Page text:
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From The Imitation of Christ (Thomas a Kempis):

How much should we be concerned with politics? To what extent should we indulge in the intense debates that pervade the "airwaves"?

If we adhere to the teachings of Thomas Kempis, the monk who -- quoting reputed locutions from the Lord -- penned the classic Christian work The Imitation of Christ, not very much; at any rate, less than we may think.

As you have almost certainly noted, from time to time, we ourselves carry political stories (when they have a spiritual or eschatological ramification). There are searing issues like abortion. People like Sister Lucia of Fatima made sure to vote!

But we wonder about it all. We can justify political talk to a degree but to what degree and at what price?

Says Imitation, which some describe as the most read Christian work outside of the Bible itself:

"SHUN the gossip of men as much as possible, for discussion of worldly affairs, even though sincere, is a great distraction inasmuch as we are quickly ensnared and captivated by vanity.

"Many a time I wish that I had held my peace and had not associated with men.

"Why, indeed, do we converse and gossip among ourselves when we so seldom part without a troubled conscience? We do so because we seek comfort from one another's conversation and wish to ease the mind wearied by diverse thoughts. Hence, we talk and think quite fondly of things we like very much or of things we dislike intensely. But, sad to say, we often talk vainly and to no purpose; for this external pleasure effectively bars inward and Divine consolation. Therefore we must watch and pray lest time pass idly.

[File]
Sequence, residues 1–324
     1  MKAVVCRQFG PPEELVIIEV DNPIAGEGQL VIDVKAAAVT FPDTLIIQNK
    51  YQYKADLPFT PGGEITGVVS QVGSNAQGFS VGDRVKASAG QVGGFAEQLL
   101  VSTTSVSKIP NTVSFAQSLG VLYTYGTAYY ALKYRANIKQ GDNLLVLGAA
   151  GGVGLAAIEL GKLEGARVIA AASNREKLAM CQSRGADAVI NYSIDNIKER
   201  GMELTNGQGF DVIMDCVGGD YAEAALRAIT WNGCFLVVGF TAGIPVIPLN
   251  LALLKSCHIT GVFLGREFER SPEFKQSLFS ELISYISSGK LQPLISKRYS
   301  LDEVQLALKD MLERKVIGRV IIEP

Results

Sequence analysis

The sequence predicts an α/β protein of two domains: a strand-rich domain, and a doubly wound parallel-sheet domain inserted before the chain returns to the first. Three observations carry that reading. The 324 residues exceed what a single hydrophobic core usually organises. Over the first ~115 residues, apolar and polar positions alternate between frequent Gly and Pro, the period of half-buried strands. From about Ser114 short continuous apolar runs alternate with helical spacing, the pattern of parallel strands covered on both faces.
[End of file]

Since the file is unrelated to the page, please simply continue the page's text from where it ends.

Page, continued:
"When the right and opportune moment comes for speaking, say something that will edify. Bad habits and indifference to spiritual progress do much to remove the guard from the tongue. Devout conversation on spiritual matters, on the contrary, is a great aid to spiritual progress, especially when persons of the same mind and spirit associate together in God.

"WE SHOULD enjoy much peace if we did not concern ourselves with what others say and do, for these are no concern of ours. How can a man who meddles in affairs not his own, who seeks strange distractions, and who is little or seldom inwardly recollected, live long in peace?

"Blessed are the simple of heart for they shall enjoy peace in abundance. Why were some of the saints so perfect and so given to contemplation? Because they tried to mortify entirely in themselves all earthly desires, and thus they were able to attach themselves to God with all their heart and freely to concentrate their innermost thoughts.

"We are too occupied with our own whims and fancies, too taken up with passing things. Rarely do we completely conquer even one vice, and we are not inflamed with the desire to improve ourselves day by day; hence, we remain cold and indifferent. If we mortified our bodies perfectly and allowed no distractions to enter our minds, we could appreciate Divine things and experience something of heavenly contemplation. The greatest obstacle, indeed, the only obstacle, is that we are not free from passions and lusts that we do not try to follow the perfect way of the saints."

[Resources: The Imitation of Christ]

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